Patti Smith won the National Book Award for Nonfiction this past week for her memoir "Just Kids," which recounts her relationship with Robert Mapplethorpe in the '60s and '70s. But "Just Kids" is far from her first flirtation with the written word.
Smith has actually published numerous books of poetry. And unlike other successful rock stars who have stumbled awkwardly into verse (Jewel and Billy Corgan come to mind), Smith's work reflects that she was a poet first, and that her love affair with the art runs deep.
It was the summer Coltrane died, the summer of love and riots, and the summer when a chance encounter in Brooklyn led two young people on a path of art, devotion, and initiation.
Patti Smith would evolve as a poet and performer, and Robert Mapplethorpe would direct his highly provocative style toward photography. Bound in innocence and enthusiasm, they traversed the city from Coney Island to Forty-second Street, and eventually to the celebrated round table of Max's Kansas City. It was a time of heightened awareness, when the worlds of poetry, rock and roll, art, and sexual politics were colliding and exploding. Just Kids begins as a love story and ends as an elegy. It serves as a salute to New York City during the late sixties and seventies.
OMG, he's lost his bookmark...in the woods...with books he HASN'T even read.
The Washington Post's Ron Charles presents... "I'M NOT A WITCH, I'M A BOOK CRITIC". Guest appearance by author Lisa Scottoline in a reenactment of Hitchcock's shower scene from Psycho. Wild.
Submitted by birdie on September 22, 2010 - 11:24am
@Roncharles (Washington Post) tweets: "Totally Hip Video Book Reviewer dons bacon, admits errors, loves Danielle Evans' short story collection BEFORE YOU SUFFOCATE YOUR OWN FOOL SELF." Here's the video book review and the written review.
Submitted by birdie on September 15, 2010 - 12:06pm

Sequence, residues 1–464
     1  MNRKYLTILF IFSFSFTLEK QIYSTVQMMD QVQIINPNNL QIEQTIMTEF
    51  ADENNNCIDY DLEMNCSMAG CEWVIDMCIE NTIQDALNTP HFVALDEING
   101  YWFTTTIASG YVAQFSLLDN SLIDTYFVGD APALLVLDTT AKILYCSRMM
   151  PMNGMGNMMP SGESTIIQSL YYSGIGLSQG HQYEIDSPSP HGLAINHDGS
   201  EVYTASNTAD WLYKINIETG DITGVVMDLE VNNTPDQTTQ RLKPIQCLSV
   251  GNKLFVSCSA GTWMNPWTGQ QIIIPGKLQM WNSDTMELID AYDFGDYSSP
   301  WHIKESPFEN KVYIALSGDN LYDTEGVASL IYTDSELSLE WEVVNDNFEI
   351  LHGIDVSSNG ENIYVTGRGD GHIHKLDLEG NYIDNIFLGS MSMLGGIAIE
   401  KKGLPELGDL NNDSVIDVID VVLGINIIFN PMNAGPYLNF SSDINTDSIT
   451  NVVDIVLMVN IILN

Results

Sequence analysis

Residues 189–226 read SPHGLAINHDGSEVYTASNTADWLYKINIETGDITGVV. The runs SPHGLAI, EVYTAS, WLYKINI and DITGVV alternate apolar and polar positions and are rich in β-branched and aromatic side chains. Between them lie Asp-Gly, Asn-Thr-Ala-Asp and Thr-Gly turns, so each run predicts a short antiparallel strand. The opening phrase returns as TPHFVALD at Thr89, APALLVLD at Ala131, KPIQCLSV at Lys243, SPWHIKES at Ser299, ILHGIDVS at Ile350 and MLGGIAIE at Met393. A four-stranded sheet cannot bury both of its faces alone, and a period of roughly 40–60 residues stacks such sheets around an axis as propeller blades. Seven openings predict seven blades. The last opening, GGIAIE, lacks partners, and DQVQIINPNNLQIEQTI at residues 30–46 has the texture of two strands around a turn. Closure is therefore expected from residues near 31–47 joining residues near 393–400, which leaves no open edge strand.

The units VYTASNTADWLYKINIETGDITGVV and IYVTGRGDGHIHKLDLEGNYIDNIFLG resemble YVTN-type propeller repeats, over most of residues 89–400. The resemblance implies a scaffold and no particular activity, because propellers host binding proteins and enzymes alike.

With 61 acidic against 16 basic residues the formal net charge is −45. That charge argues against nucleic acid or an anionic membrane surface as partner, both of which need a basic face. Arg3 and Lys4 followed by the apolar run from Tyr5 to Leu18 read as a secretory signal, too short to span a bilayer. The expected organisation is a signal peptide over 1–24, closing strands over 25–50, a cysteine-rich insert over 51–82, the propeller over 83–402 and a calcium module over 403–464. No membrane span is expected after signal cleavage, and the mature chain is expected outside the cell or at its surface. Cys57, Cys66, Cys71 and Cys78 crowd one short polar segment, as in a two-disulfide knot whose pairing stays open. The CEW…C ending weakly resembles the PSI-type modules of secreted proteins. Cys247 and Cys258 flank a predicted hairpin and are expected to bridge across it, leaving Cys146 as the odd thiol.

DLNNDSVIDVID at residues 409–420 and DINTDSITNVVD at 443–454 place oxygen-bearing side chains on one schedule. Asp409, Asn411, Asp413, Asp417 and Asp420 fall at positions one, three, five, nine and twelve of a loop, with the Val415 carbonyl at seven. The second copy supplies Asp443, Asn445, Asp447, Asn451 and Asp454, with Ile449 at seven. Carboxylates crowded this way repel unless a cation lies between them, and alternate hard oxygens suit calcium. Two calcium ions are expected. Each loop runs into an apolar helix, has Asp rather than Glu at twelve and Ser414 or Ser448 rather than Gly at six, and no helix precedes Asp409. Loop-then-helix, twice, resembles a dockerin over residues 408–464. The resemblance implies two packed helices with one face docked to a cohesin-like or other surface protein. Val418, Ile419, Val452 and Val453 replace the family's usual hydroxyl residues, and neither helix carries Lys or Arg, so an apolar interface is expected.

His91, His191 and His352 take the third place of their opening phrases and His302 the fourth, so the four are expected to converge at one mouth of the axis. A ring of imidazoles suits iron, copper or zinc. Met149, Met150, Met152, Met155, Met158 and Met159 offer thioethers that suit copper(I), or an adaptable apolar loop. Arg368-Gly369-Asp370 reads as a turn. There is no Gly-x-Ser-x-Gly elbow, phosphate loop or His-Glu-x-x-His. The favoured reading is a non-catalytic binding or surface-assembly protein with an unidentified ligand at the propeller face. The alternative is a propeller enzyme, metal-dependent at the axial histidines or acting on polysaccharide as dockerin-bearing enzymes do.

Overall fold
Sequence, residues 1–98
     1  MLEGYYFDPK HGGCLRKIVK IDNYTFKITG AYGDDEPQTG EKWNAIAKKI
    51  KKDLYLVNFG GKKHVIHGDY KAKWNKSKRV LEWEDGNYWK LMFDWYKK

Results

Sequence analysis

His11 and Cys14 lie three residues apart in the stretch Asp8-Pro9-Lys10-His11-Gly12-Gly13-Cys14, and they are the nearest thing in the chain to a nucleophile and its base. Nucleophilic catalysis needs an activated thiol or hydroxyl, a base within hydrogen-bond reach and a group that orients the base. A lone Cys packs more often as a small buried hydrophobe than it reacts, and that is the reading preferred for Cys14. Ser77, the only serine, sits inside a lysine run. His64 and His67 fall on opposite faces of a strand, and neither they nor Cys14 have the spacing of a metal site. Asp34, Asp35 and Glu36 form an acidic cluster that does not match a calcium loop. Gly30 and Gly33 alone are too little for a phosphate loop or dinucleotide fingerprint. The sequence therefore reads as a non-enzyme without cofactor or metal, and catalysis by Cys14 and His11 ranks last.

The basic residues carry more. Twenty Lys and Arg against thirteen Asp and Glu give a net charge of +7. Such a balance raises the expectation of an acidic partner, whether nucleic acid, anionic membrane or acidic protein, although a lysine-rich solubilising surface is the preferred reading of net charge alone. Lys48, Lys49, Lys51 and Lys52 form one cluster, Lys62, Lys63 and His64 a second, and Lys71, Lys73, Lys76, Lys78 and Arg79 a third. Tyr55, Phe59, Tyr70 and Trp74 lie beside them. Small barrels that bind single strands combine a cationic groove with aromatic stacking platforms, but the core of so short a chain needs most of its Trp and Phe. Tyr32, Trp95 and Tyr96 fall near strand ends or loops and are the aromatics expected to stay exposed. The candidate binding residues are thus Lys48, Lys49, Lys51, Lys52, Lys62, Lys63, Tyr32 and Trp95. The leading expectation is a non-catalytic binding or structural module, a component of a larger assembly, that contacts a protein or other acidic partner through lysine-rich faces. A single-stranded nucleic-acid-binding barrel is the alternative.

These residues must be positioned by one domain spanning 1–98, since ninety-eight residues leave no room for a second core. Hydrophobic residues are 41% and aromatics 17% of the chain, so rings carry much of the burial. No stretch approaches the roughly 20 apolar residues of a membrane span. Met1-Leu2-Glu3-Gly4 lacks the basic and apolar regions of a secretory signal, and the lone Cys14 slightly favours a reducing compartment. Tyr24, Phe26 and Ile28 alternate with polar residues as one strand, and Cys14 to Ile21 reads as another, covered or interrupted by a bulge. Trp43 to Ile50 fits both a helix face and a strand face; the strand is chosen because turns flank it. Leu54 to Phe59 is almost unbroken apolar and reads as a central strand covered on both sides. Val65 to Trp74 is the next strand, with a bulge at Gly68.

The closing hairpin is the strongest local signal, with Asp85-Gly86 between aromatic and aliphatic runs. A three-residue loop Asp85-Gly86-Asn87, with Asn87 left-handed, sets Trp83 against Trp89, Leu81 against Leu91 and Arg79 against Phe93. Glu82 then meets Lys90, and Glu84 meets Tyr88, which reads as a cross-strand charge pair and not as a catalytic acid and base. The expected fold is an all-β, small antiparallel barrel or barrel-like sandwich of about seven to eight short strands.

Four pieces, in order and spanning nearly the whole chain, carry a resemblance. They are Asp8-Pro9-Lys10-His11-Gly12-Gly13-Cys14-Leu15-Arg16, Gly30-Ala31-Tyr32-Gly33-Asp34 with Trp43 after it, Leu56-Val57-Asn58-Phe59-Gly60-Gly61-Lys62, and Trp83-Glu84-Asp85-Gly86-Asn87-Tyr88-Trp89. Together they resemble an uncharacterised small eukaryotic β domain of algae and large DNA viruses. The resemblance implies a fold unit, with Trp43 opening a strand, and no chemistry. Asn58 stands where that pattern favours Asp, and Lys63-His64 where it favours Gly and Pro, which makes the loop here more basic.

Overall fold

Even fantasy librarians can be awesome.
For conspiring against the government of Cinnabar, her family was massacred; she is the sole survivor. She's a scholar, a librarian turned Signals Officer who has joined Daniel Leary, a lieutenant in the Republic of Cinnabar Navy (RCN) to battle against treacherous politicians, the Alliance, rebels, and all manner of galactic grief and peril. She is a master of information technology and spy craft. She likes weapons and knows how to use them.
Don't mess with Adele Mundy, sharpshooting librarian in space. More on this title, "Some Golden Harbor" by David Drake at BookTryst.
Change of pace from the more frequent 'death of print' stories here on LISNews.
This one's about the birth of print; a discussion of the newly published book by Andrew Pettegree, "The Book in the Renaissance" with Tom Scocca of Slate and the Boston Globe.
In the beginning, before there was such a thing as a Gutenberg Bible, Johannes Gutenberg laid out his rows of metal type and brushed them with ink and, using the mechanism that would change the world, produced an ordinary little schoolbook. It was probably an edition of a fourth-century grammar text by Aelius Donatus, some 28 pages long. Only a few fragments of the printed sheets survive, because no one thought the book was worth keeping.
“Now had he kept to that, doing grammars...it probably would all have been well,” said Andrew Pettegree, a professor of modern history at the University of St. Andrews and author of “The Book in the Renaissance,” the story of the birth of print. Instead, Gutenberg was bent on making a grand statement, an edition of Scripture that would cost half as much as a house and would live through the ages. In the end, struggling for capital to support the Bible project, Gutenberg was forced out of his own print shop by his business partner, Johann Fust.
The article continues in a question and answer format here.